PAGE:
How I Decided To Buy A New Car

Now I realize I am going into dangerous territory here when I try to defend myself when I decided to buy a new car on a personal finance website.  Especially when I wrote a guest post a couple months ago talking about the benefits of buying a used car!

Yes, I had done my research, crunched the numbers, and came up with the idea that a 1-2 year-old used car (specifically a Hyundai Elantra) was the way to go.  I wanted something that was durable, fuel efficient, inexpensive and that was it.  I compared the numbers on new cars and thought that I would have to see one get below 17K before I would consider it and since I wanted A/C, cruise and an automatic transmission, that wasn’t going to happen.  So how then, did I get convinced to go with the idea to buy a new car?

How Did This Happen?

Well a few factors went into it, and I’m still not sure it was the right decision, but I am rationalizing it mostly with the idea that I paid a premium of a few thousand dollars as a treat for myself and some peace of mind.  The very first thing I found when looking for used-cars in the compact/small sedan (can we really call some of these cars compacts anymore?) class was that any reliable brand name was going to cost you quite a bit of money, and there was definitely not the wiggle room that there was in years past.  For a 1-2 old Corolla, Civic, or even Elantra, the lowest I could find was 12.5K, with a few private sellers going below that on cars that had substantial mileage on them.  I talked to a couple of guys I know in the car industry and they said that the lack of negotiation room wasn’t my imagination.  Apparently too many people read my post and have been buying used cars :).  With used car sales going up across North America, dealers have way more leverage when negotiating prices.  I learned this was especially true in the small car classes that are the domain of frugal individuals to begin with.

My Acknowledged Inadequacies…

Then I started to consider my rural position and vehicle repairs.  I have a GM dealership in my small community, equipped with full-service GM garage.  I believe in supporting local businesses when I can (for instance I do all my grocery shopping here, despite paying about a 5-10% premium to do so), but used GM products just don’t have a great track record to say the least.  The nearest city is just over an hour away and it has dealerships and garages for all the major car dealers.  I have always been self-conscious about my lack of automotive knowledge.  I know how to change my oil or clean spark plugs, I even have a decent understanding of how a car works, but I am clueless when it comes to actually finding solutions to mechanical problems.  Before I recently moved I had numerous friends who were mechanics that could help me out if I ever had problems so I didn’t worry about it.  Now I’m at the mercy of whoever decides that I have a “transmission problem that will require extensive work.”  So the theory is that a new vehicle will not only break down less, but will have 5 solid years of bumper-to-bumper warranty on it.  Also, I know that I am a maintenance freak with my vehicles because I hate the inconvenience and powerless feeling of bringing my car in for repairs; consequently, I like knowing that the vehicle I’m driving has had the maintenance done exactly as the manual recommends and that I will get the maximum potential out of the car.  A lot of the 1-2 year used cars were off of leases and had 30-50K on them.  You have to wonder how people treated those cars if they knew they were only leasing for a year or so.  You can do a lot of damage to an engine if you only give it a couple oil changes and don’t break it in properly over the first 50,000 km (even if the damage will only come into play after the 50,000 km that would still be left under most warranties).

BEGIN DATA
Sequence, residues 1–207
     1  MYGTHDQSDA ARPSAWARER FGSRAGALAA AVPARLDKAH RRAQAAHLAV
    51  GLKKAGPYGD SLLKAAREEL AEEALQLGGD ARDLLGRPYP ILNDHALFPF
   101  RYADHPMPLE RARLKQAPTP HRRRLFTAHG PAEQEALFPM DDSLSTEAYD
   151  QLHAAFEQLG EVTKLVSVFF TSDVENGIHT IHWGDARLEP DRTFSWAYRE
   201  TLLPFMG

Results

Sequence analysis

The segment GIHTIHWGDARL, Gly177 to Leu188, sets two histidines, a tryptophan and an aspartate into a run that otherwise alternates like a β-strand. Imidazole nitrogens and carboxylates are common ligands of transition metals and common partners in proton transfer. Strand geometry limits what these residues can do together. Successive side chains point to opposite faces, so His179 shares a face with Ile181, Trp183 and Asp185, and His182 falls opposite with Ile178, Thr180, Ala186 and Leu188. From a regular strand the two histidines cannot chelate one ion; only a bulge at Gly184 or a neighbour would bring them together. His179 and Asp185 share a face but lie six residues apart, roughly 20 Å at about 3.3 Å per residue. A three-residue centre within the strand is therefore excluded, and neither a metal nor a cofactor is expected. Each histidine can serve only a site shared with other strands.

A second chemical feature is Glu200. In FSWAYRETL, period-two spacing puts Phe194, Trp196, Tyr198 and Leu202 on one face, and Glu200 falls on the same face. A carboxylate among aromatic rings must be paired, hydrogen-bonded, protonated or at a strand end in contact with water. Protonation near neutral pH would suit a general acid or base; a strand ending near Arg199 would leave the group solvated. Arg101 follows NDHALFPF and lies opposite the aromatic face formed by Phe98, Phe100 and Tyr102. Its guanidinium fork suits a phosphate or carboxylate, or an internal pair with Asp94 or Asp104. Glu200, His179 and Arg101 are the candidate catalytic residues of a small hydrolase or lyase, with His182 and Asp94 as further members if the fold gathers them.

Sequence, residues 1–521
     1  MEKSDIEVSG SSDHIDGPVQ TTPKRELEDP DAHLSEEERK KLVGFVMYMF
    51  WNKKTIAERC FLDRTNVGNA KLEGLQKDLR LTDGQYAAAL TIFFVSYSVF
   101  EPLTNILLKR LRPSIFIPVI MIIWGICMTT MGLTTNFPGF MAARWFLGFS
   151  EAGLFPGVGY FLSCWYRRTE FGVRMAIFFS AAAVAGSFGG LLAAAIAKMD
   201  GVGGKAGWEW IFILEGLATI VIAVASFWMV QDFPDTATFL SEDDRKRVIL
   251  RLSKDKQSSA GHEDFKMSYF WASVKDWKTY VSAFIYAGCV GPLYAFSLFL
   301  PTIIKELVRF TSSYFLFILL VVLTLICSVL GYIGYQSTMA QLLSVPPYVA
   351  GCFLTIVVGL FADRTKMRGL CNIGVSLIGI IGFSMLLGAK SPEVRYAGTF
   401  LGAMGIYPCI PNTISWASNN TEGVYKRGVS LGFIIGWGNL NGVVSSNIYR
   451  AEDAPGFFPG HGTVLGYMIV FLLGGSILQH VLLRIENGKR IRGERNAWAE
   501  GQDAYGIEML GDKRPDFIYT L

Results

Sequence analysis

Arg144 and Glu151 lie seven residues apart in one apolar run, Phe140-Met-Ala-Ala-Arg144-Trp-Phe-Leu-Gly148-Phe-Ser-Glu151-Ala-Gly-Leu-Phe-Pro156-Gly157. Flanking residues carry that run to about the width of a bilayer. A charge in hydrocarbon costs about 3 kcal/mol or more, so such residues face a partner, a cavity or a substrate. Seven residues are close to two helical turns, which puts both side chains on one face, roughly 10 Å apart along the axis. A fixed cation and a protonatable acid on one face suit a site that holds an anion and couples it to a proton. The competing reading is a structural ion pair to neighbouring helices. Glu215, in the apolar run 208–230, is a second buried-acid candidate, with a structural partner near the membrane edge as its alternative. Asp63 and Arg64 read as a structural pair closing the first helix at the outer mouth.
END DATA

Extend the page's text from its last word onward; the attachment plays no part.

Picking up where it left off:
Buy A New Car – Because Its “The Car Buying Season”

With Spring/Early Summer being the biggest car buying seasons of the year, every dealership out there right now is competing with “employee pricing” and “0% financing.”  With all the dealerships putting their best foot forward I actually had more leverage here than in the used car market!  I test drove all of the major players in the class including the Nissan Sentra, Toyota Corolla, Honda Civic, and my two finalists, the Hyundai Elantra (2012) and the Chevy Cruze (2011).  I found they were both slightly smoother than the other 3, got at least as good mileage, and had great consumer reports reviews.  To be honest, the Cruze made my cut-off mainly because of the GM being right next door.  Even with the GM employee pricing and nothing special on the new Elantra (it wasn’t included in their 0% for 84 months deal, in fact the 2011 model wasn’t either, that’s how popular the model is right now) the pricing was very comparable.  The “middle-of-the-road” models with the automatic transmission, A/C, and cruise were almost exactly the same price.  While I was impressed that GM has finally released a competitive product in the small sedan category, the Elantra was just a much better fit for me.  As an added bonus it came with a passenger heated seat (the Cruze only had for the driver) which was a big deal for my significant other.  The Elantra just had a bit better mileage, a better warranty, and had better styling (check out the interior).

The 2012 Hyundai Elantra Was The Clear Choice